Well guys, I really would appreciate it were someone able to prove to me this:

cos^2x-sin^2x = (1-tan^2x)/(1+tan^2x)

I think the left side equals cos(2x), but I'm not even sure of that! Any help is much appreciated! (Happy)

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- Nov 8th 2009, 09:35 AMsaintvTrigonometric Identity - All that Good Stuff!
Well guys, I really would appreciate it were someone able to prove to me this:

cos^2x-sin^2x = (1-tan^2x)/(1+tan^2x)

I think the left side equals cos(2x), but I'm not even sure of that! Any help is much appreciated! (Happy) - Nov 8th 2009, 09:41 AMadkinsjr
You're correct about the left side of the equation, but that isn't going to help you any. Just use the identity $\displaystyle tan(x)=\frac{sin(x)}{cos(x)}$ on the right side of the equation. If you simplify the fraction, you'll obtain the left side:

$\displaystyle \frac{1-\frac{sin^2(x)}{cos^2(x)}}{1+\frac{sin^2(x)}{cos^2 (x)}}=\frac{\frac{cos^2(x)-sin^2(x)}{cos^2(x)}}{\frac{cos^2(x)+sin^2(x)}{cos^ 2(x)}}=\frac{cos^2(x)-sin^2(x)}{cos^2(x)+sin^2(x)}=cos^2(x)-sin^2(x)$ - Nov 8th 2009, 09:43 AMe^(i*pi)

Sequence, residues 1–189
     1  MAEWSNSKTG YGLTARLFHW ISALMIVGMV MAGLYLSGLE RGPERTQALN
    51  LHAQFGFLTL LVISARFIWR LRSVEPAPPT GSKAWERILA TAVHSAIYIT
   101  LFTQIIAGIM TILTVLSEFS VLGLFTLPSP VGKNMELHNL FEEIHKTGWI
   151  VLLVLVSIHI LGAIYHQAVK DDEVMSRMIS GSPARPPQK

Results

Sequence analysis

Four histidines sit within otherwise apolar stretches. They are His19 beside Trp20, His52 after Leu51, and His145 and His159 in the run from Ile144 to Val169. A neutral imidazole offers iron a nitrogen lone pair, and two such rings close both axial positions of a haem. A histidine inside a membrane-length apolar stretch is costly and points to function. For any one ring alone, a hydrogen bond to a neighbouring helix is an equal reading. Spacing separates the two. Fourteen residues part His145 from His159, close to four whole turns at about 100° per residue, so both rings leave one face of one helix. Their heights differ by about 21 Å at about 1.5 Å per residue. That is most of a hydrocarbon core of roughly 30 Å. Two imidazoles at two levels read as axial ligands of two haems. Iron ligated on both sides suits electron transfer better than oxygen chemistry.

Yes the left side does equal cos(2x) but I'm going to start with the right side and get the left.

note that $\displaystyle tan^2(x) = \frac{sin^2(x)}{cos^2(x)}$ and $\displaystyle 1+tan^2(x) = sec^2(x)$

Rewrite in terms of sin and cos:

__Spoiler__:

Get the same denominator for both terms:

__Spoiler__:

Combine the two again

$\displaystyle \frac{cos^2(x)-sin^2(x)}{cos^2(x)} \times \frac{1}{sec^2(x)} = \frac{cos^2(x)-sin^2(x)}{cos^2(x)} \times cos^2(x)$

$\displaystyle = cos^2(x)-sin^2(x) = LHS $ - Nov 8th 2009, 10:00 AMsaintv
Thank you so much, both of you! I really understand it now! :)

Guess I need to work on the algebraic skills a bit more.